Trade relations between the United States and Africa have declined significantly in the last few years. Many of the fastest growing economies in the world are in Sub Saharan Africa -but the region has become less of a priority for the US. “Donald Tru...
donald, trump, foreign, policy, affected, africa
Trade relations between the United States and Africa have declined significantly in the last few years. Many of the fastest growing economies in the world are in Sub Saharan Africa -but the region has become less of a priority for the US.
“Donald Trump has total disregard for Africa, he hasn’t travelled here and if he was re-elected I doubt he’d visit the continent. He figures this isn’t worth his attention”, says Professor John Stremlau, an international relations lecturer at Witwatersrand University.
As Africa ponders President Donald Trump’s impact on their continent, and what might follow November’s election, one strong sign of America’s changing influence can be seen in the Trump administration’s move to block funding. Washington’s decision has harmed the ability of African countries with struggling healthcare systems to provide much needed services.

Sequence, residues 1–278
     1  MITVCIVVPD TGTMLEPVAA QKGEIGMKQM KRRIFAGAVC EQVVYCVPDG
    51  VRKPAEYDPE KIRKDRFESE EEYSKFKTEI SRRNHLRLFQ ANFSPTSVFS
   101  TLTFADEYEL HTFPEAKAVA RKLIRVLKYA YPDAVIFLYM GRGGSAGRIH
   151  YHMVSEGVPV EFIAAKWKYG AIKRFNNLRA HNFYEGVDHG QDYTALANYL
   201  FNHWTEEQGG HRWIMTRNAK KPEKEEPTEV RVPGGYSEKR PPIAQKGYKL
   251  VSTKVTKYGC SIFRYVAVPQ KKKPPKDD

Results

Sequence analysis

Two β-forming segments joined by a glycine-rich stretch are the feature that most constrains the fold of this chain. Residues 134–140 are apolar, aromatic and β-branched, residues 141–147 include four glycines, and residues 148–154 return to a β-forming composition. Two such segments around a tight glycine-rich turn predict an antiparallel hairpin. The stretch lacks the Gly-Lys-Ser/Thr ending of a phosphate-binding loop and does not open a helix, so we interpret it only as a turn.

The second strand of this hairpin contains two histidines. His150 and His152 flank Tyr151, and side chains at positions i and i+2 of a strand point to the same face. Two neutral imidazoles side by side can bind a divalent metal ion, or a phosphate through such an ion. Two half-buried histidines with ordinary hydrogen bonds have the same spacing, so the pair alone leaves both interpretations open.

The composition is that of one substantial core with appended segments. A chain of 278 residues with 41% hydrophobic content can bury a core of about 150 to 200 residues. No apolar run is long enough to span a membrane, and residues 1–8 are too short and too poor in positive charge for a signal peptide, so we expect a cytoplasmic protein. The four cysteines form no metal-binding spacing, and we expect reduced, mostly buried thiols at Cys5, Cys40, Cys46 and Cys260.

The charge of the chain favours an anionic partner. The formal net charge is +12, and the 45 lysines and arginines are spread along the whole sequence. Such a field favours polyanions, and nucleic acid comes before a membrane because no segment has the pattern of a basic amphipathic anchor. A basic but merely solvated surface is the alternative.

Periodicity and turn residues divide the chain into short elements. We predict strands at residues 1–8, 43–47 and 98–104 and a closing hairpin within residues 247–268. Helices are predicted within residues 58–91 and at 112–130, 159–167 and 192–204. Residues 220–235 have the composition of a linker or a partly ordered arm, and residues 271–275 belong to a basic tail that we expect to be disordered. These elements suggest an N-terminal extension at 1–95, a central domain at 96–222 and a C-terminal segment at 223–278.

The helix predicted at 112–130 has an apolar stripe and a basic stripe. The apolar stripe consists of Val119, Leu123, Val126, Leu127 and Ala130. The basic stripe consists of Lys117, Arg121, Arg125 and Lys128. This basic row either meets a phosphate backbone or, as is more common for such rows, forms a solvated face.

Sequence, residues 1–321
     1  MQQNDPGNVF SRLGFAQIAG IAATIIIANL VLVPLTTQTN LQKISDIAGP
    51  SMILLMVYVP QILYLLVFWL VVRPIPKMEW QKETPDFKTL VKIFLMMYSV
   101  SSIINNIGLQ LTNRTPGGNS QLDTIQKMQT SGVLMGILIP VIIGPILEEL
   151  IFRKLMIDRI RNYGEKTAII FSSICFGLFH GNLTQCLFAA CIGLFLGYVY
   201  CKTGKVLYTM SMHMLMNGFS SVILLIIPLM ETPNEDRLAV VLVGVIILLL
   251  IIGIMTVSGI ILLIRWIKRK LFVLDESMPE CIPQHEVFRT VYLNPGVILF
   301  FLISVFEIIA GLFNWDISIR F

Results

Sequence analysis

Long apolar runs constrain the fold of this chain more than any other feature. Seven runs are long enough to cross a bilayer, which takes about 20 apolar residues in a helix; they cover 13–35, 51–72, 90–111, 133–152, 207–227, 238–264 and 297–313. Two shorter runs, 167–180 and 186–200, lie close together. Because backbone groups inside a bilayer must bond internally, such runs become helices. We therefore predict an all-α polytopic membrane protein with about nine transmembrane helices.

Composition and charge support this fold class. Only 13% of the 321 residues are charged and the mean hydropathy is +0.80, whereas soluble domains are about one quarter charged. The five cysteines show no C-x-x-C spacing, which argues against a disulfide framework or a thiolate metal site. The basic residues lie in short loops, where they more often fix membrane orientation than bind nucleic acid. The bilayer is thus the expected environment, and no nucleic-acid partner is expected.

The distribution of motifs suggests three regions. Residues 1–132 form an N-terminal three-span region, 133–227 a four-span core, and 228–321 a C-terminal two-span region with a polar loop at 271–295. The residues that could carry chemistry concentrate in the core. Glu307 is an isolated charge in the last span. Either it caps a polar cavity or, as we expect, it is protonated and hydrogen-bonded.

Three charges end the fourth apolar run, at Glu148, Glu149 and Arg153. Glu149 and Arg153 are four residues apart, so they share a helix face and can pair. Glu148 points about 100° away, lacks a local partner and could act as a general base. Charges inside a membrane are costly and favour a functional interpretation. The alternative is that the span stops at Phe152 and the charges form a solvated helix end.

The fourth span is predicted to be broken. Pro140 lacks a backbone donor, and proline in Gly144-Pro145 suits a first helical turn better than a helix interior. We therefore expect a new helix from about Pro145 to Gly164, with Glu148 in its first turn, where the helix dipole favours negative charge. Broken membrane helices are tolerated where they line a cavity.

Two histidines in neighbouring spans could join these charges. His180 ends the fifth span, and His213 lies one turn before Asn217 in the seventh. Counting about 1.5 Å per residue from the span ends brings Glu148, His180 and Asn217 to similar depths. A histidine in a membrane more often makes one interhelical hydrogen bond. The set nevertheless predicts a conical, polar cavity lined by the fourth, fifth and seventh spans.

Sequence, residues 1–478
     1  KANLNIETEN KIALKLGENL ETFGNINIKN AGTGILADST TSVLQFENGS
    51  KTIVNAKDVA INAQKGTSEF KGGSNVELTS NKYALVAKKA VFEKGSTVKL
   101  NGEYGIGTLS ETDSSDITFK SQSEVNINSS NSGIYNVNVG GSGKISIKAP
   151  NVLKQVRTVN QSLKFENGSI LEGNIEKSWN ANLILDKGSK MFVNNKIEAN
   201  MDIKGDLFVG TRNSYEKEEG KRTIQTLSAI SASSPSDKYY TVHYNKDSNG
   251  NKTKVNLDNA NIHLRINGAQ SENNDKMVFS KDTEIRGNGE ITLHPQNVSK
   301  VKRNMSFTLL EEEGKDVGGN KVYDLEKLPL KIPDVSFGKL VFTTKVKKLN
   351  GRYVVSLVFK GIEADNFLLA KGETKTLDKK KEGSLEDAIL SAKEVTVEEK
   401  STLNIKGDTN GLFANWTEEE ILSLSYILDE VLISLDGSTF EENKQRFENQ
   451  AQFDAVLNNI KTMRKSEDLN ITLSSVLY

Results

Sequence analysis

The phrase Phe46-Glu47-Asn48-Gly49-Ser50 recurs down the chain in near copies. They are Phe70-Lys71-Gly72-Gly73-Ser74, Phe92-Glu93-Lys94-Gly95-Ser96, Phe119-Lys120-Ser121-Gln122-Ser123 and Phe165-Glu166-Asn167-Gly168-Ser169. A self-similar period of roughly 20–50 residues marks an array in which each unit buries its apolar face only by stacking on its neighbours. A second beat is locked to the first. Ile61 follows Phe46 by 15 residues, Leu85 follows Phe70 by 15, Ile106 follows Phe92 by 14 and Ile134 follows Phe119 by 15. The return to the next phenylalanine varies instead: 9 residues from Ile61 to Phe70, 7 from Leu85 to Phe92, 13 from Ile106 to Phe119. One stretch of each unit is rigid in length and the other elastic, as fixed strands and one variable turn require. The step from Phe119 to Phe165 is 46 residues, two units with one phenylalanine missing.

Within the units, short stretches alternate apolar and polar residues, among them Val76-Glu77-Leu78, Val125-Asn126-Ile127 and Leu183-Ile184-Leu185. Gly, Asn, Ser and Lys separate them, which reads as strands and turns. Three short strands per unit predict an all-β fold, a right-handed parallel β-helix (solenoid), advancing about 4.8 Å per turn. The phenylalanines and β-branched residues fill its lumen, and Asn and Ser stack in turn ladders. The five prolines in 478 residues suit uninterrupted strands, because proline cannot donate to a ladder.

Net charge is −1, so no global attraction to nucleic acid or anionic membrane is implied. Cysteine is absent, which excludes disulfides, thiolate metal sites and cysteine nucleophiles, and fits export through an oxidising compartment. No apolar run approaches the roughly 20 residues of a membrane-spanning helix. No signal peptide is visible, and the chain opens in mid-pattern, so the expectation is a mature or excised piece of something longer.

Using Lesotho as a microcosm, this article explores what President Trump’s possible re-election could mean for Africa. About two hours outside of Lesotho’s capital Maseru, the effects of Washington’s decision to cut funding is felt on the ground.
Surrounded by rolling hills and mud huts dotting the landscape, the only clinic at Ha Mojela village has been closed. Gates have been locked, the padlock is rusty and the condom box is empty. Women here have nowhere else to turn.
"I used to visit the clinic every month to collect contraceptives but I’ve now been forced to buy them because the clinic I relied on has been closed. I can’t afford to do that every month and I fear I’ll get pregnant”, said 36-year-old Malerato Nyai, a slender and shy woman who smiled nervously. Her comments resonated with several of her neighbours.